When cultures and faiths meet one another, there often crop up debates, dissonances and worse, even violent conflicts. But is that all we can say about such events that history unfurls time to time? Didn’t such moments of the past also include cultural fusions that make us who we are today? Aren’t we all carrying in our bodies, thoughts and practices of the present some of these blends made in the past? How do we narrate these histories that created simultaneously both ties that cut across linguistic, cultural and religious borders and violent hierarchies that organized our communities unequally? I found myself grappling with these questions when I was reading The American River of Love that Flowed into Jaffna, a book by Bishop Jebanesan launched recently in Jaffna.
This book narrates the story of a Protestant Christian missionary movement from the USA, known as the American Board of Commissioners for Foreign Missions (ABCFM), that arrived in nineteenth-century Jaffna and went on to fuse itself with the language and traditions of the local Tamils and contributed significantly towards the region’s progress in the areas of education and health care, whilst being involved in proselytizing the inhabitants of that region. The long voyages that the missionaries undertook amidst battering weather conditions, the emotional pain that confronted them following their separation from their families, the cultural and ecological challenges they faced in acclimatizing themselves to a new environment are all vividly described in the book.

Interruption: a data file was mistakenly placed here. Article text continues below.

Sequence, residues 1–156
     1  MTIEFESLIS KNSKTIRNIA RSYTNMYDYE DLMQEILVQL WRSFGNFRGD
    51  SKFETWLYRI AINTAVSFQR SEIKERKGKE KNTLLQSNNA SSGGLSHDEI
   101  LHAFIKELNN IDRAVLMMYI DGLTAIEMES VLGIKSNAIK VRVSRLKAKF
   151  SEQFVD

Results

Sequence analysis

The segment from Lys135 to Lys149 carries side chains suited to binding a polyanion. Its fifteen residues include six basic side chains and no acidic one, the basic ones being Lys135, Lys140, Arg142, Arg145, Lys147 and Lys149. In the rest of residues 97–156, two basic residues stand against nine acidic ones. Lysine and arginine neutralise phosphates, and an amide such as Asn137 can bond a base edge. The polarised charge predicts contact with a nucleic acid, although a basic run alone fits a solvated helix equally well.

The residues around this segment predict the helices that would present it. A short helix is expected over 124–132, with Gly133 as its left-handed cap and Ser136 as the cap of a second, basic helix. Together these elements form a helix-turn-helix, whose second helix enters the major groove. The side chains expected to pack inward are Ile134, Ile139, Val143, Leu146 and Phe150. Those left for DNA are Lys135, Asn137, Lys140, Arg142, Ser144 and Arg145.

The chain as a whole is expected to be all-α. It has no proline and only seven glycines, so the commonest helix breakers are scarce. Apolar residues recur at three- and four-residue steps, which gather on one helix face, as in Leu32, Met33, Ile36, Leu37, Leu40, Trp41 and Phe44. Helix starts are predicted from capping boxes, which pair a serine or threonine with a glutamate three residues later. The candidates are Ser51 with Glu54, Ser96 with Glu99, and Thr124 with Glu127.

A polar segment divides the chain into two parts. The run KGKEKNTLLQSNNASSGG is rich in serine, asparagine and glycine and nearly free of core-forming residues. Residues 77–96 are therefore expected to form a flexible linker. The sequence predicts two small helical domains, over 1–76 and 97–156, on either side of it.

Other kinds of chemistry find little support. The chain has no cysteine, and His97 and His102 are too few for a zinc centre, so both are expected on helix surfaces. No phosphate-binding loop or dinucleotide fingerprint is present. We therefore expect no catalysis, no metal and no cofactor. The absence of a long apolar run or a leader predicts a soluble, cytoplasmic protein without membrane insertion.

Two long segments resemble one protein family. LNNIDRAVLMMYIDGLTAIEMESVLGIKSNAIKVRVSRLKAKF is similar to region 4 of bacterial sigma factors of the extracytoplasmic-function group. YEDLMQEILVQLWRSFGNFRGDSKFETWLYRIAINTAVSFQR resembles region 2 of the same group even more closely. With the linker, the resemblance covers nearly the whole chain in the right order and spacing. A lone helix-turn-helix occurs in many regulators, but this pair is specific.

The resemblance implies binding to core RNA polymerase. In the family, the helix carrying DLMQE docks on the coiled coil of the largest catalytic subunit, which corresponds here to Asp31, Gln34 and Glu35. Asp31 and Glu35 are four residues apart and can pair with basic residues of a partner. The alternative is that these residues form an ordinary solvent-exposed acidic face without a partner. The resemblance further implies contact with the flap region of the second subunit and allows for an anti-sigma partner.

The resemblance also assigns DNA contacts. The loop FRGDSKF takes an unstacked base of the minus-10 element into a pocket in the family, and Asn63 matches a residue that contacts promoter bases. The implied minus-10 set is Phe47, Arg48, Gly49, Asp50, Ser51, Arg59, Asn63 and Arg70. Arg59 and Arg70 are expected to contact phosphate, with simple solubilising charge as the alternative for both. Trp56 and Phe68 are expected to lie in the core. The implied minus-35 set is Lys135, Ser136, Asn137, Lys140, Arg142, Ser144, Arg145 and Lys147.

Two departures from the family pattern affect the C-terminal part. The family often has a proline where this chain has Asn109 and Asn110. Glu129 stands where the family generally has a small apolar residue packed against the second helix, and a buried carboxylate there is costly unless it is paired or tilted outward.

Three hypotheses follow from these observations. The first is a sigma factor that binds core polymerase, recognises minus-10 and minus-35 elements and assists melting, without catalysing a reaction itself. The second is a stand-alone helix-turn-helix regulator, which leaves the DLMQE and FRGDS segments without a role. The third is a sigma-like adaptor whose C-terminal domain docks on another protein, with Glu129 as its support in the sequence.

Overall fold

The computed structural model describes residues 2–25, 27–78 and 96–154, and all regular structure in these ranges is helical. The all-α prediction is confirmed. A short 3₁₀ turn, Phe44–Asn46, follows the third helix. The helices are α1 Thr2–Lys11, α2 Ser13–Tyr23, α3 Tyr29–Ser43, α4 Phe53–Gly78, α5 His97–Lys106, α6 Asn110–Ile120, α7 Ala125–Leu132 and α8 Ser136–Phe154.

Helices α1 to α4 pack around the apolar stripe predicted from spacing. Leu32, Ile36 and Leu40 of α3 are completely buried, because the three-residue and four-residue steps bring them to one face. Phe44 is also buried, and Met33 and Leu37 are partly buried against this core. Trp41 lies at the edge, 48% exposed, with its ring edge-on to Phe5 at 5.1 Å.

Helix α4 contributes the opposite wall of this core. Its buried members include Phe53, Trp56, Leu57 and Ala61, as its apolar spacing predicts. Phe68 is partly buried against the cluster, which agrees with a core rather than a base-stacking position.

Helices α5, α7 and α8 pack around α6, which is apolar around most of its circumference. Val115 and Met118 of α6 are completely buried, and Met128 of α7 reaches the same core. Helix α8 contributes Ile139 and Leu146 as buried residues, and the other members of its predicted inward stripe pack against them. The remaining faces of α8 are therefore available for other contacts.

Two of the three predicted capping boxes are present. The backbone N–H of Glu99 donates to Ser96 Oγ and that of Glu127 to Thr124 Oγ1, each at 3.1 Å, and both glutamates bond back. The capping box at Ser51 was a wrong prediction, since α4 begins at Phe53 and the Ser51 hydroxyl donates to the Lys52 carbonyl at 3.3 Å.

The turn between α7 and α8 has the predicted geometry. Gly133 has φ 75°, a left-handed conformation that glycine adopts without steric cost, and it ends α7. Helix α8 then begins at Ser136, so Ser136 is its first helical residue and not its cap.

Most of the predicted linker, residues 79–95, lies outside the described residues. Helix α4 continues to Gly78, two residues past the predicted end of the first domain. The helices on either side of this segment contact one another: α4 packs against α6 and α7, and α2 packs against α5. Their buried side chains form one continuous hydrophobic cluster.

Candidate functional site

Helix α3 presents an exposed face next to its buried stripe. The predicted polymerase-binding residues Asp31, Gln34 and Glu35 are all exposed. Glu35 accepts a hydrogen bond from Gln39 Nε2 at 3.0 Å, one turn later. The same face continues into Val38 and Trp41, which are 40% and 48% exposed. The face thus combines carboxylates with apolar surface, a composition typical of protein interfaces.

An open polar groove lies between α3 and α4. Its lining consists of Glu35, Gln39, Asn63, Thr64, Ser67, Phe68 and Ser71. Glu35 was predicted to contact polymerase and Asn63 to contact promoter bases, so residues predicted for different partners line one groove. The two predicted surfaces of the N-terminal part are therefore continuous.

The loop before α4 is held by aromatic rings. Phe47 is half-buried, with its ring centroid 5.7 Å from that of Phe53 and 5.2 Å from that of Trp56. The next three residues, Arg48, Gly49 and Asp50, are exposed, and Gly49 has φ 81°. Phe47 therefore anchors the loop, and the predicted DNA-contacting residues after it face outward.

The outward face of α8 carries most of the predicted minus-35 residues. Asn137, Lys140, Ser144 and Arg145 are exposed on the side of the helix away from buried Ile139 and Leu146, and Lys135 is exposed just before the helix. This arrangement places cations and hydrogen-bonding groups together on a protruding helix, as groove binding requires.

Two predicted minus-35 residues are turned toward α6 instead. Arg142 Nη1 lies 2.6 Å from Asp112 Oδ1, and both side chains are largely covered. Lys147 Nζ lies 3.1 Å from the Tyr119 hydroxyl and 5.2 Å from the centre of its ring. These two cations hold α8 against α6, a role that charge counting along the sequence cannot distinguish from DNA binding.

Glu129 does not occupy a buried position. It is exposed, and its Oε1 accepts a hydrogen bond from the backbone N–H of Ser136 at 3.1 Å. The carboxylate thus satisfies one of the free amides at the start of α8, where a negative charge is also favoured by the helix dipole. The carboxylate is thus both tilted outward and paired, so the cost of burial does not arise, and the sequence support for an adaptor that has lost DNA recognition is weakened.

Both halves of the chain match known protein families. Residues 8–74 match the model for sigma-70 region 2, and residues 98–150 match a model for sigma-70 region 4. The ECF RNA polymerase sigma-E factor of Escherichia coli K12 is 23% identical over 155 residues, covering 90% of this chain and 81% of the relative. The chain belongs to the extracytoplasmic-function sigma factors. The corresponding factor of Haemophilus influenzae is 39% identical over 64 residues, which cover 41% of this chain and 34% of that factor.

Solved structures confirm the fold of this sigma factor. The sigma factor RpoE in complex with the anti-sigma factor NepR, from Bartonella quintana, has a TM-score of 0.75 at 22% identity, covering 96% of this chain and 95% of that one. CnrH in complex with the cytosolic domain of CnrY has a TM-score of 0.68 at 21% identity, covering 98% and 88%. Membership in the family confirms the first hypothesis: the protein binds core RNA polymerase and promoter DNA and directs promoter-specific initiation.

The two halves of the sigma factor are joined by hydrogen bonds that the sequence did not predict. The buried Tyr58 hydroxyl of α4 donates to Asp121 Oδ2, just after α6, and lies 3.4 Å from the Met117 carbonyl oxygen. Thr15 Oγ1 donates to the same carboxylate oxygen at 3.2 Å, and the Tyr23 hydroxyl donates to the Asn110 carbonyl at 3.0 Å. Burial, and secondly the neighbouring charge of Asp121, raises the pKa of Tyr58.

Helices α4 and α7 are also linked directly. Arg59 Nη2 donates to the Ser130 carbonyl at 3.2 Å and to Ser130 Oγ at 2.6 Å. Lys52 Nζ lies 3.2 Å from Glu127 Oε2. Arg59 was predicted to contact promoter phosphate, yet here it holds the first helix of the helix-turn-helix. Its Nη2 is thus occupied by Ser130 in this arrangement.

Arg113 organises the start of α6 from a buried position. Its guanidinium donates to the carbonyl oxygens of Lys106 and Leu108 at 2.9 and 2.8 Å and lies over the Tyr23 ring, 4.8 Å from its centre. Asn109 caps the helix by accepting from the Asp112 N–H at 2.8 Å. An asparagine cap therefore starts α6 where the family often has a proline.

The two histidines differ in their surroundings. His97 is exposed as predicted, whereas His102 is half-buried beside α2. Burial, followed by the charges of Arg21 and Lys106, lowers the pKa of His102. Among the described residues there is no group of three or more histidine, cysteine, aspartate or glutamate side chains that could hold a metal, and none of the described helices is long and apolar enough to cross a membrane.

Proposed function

Bishop Jebanesan’s book gives prominence to the missionaries’ attempts to educate the people of Jaffna, their concerns related to the education of the oppressed caste communities to whom education had been denied at the time, their keenness in educating the local women and their contribution to the health care of the people. The Bishop gives an overview of the activities the missionaries initiated and the schools and hospitals they inaugurated as a way of developing Jaffna. The author also highlights the interest shown by the missionaries in giving a central place to the Tamil language in the work they did. Tamil education, the missionaries held, was important to cultivate of a group of Tamil theologians who would take the gospel among the locals in a language that the latter understood.
Even though the primary objective of the missionaries was to spread Christianity, the book notes that missionaries like Hoisington engaged with Hindu philosophy in a scholarly manner and even translated some of the canonical philosophical texts associated with Hinduism into English. Hoisington’s interest and scholarship in Hindu Philosophy, Tamil literature and Tamil astrology suggests that the educational ambience that these missionaries nurtured in Jaffna was cosmopolitan in some ways and could not be indifferent to the religious worldview of the locals.
The book pays special attention to the missionaries’ contribution towards the creation of a book culture in Jaffna. The author writes in detail about the establishment of a printing press in Jaffna by the American missionaries, their role in inaugurating Uthayatharakai (the English version of the newspaper was known as The Morning Star), the first ever newspaper in Tamil to be published from Sri Lanka, the educational and religious texts that were produced and translated as part of this culture.